Homes plan for ex-psychiatric hospital site in Talgarth

  • Published

Homes could be built on the site of a former psychiatric hospital in the Brecon Beacons under plans by a housing developer.

Collins Developments (Pontrilas) Limited of Herefordshire has bought the former NHS site in Talgarth, near Brecon, Powys.

A local action group claims 100 houses could be built and it is concerned about the scale of the proposals.

The firm said plans were at an early stage and it was aware of the concerns.

Talgarth hospital closed in 1999 and there have been a number of attempts to redevelop the 11-acre site since.

The building and land have been bought by Collins Developments Pontrilas Limited, a subsidiary of Collins Design and Build Limited, which is based near Hereford.

Managing director Phil Collins attended a public meeting in Talgarth recently and questions were put to him about his plans.

The local action group, Mid Wales Hospital Adjacent Adjoining Neighbours Group, claimed there were "tentative plans" for 100 houses and some offices, but Mr Collins said proposals were at such an early stage that he could not provide a figure for the homes.

Talgarth town councillor and group member, Niel Bally, said: "Alarm bells went off when Mr Collins referred to the scheme as a satellite village.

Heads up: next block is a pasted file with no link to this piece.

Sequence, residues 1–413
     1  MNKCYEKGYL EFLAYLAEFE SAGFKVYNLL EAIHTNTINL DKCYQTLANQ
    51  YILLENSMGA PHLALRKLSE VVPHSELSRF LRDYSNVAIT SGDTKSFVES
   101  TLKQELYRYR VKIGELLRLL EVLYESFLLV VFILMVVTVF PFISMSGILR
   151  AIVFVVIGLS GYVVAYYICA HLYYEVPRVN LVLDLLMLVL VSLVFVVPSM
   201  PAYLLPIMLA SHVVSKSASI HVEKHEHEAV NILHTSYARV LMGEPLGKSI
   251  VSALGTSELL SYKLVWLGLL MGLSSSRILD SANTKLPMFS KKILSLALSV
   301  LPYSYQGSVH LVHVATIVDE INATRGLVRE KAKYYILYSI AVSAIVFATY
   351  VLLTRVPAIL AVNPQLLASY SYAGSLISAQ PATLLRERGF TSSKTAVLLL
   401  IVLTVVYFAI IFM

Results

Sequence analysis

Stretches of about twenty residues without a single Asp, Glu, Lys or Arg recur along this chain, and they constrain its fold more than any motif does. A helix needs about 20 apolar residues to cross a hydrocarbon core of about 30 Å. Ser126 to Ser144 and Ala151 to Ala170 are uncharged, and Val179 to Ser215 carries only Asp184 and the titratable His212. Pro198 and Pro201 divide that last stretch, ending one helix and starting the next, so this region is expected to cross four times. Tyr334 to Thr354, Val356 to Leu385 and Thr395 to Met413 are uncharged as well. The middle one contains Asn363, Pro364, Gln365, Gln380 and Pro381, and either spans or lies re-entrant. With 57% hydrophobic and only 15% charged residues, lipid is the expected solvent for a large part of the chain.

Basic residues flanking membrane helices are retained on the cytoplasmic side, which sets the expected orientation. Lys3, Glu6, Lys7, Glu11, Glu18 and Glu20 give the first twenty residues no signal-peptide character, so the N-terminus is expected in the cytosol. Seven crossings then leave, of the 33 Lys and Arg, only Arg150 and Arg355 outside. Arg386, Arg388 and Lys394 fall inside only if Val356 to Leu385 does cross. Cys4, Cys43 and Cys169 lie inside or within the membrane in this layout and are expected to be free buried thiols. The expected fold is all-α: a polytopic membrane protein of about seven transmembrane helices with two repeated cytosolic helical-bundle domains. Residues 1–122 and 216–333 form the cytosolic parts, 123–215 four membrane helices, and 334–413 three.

'Great potential'

"The site has great potential and we are keen to see it developed but it must be the right development not any development.

"The scale of the housing idea proposed by Mr Collins is of concern as it seems to disregard requirements of the Brecon Beacon National Park Authority.

"Recently the authority has said it would be 'prepared to accept an element of housing and is keen to enable a range of uses on the site, particularly employment generating uses'.

"Now Mr Collins is proposing about 10% of the mixed-use area for offices and the remaining 90% for housing. 90% can hardly be called an 'element' and provisions have to be made for community facilities and affordable housing."

Mr Collins said he was in negotiations with planning consultants and architects to come up with a scheme to redevelop the site.

He added: "These plans are at a very early stage and we are aware of local concerns, particularly following the meeting we contributed to at the town hall a few weeks ago.

"There is not much point in expanding on this because the plans are still extremely fluid and there are so many issues to be dealt with together with further consultation with the community before any formal application is made."

Action group chairman John Dunne said the hospital closed in 1999. Since then there had been a number of attempts to redevelop the site, which he said had all ended in failure.

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